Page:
Taildragger Tales

Piper Cubs of the Luftwaffe

Liberated Luftwaffe Cub among L-4s
A J-2 Cub, liberated from its service with the Luftwaffe, is parked in a covey of L-4s

Though the Germans had a superlative liaison plane in the Feissler Storch (Stork), the Luftwaffe also appreciated the merits of the lighter, cheaper Piper Cub, especially when one could be had for no cost as war booty.

The German army and air force stormed into Denmark on April 9, 1940. The Danes put up little military resistance, but the citizens immediately began a policy of non-cooperation and subversion that would last for the next four years. As one small part of this resistance, the Danes torched the Cub Aircraft Co. Ltd. factory, which had been set up in 1938 to assemble airplanes sent over from Lock Haven in kit form. (A number of these were actually Taylor Cubs, built in Bradford, Pa.) Altogether, Denmark imported 16 J-2s, 24 J-3s, and 8 J-4s, of which 32 were assembled before the German invasion. Apparently they were painted silver, with a blue Cub lightning flash.

Danish Cub At least one J-3 was flown to neutral Sweden to keep it out of German hands. This plane (shown at left in its present incarnation as SE-AIC) was s/n 2486, meaning that it was built at Lock Haven in 1938 as one of the first batch of true J-3s. It was delivered as a completed aircraft to a Danish ) customer in 1939. It belongs to Per Hallin and reportedly has J-2-style ailerons.

Thirteen partly-assembled Cubs were destroyed when the factory was set on fire. The destruction may not have been total, however, because two Cubs were supposedly completed in Denmark after the war.

Meanwhile, the Germans rounded up all the civilian Cubs they could find, including the J-2 shown at the top of the page after it was re-captured (and the paint touched up) by American forces. This plane has been identified as s/n 1319, formerly registered in Denmark as OY-DUP. A Taylor Cub built at Bradford in 1937, it was probably exported the same year and assembled in 1938. It seems to me that Piper supplied its Danish affiliate with Taylor-built J-2s and early-production J-3s, no doubt to make room for the new models at home. That would explain why SE-AIC appears to have J-2 ailerons.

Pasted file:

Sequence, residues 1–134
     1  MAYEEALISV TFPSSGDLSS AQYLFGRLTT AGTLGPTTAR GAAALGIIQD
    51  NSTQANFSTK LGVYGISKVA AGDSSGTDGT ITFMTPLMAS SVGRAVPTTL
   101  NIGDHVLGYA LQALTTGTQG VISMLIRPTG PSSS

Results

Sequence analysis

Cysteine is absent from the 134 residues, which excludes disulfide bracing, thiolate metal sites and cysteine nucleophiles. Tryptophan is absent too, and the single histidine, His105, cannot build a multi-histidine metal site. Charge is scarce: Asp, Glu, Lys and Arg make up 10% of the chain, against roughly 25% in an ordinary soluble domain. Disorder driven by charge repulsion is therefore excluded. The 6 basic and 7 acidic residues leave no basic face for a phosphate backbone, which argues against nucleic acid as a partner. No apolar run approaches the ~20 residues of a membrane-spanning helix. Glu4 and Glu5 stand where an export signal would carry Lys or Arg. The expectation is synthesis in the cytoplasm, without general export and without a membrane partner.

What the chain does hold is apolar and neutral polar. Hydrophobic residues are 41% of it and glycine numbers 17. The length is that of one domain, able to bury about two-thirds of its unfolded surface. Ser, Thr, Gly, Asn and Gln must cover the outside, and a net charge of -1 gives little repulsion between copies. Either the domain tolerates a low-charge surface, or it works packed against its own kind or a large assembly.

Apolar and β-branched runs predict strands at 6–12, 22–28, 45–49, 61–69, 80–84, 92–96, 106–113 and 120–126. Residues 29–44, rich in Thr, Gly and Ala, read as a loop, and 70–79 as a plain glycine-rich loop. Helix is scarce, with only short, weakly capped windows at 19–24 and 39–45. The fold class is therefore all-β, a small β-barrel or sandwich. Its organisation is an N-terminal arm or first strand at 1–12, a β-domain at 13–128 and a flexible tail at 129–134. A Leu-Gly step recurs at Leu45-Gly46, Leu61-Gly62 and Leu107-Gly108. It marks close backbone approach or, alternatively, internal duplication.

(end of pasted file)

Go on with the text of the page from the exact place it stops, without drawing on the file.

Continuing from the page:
Brandon Miller sent me that photo and the one below. His grandfather, George Reed Morris, was the pilot who liberated 1319 and flew her back to an American airfield. (He's the young man leaning against the Cub's prop at left.) In the process, Lt. Morris was almost shot down by an over-eager A-20 pilot, which may explain the plaintive 'Don't Shoot!' painted on the Cub's nose.

Liberated J-2 poses with American officers

These are the Danish Cubs impressed into German service:

In addition to the Danish-registered Cubs, a Lithuanian J-3 was also impressed into German service. Sources: A tip of the virtual hat to Roger Peperell and his invaluable book Piper Aircraft, to Emil Hauge in Cub Clues, to the website Luftwaffe Experten, and to Mattias Jönsson from Sweden.

Question? Comment? Newsletter? Send me an email. Blue skies! -- Dan Ford

Flying Tigers
3rd edition 2016

Other websites: the Warbird's Forum | Daniel Ford's books | Facebook | Sail Alaska's coast | Reading Proust

Posted July 2017. Websites ©1997-2017 Daniel Ford; all rights reserved.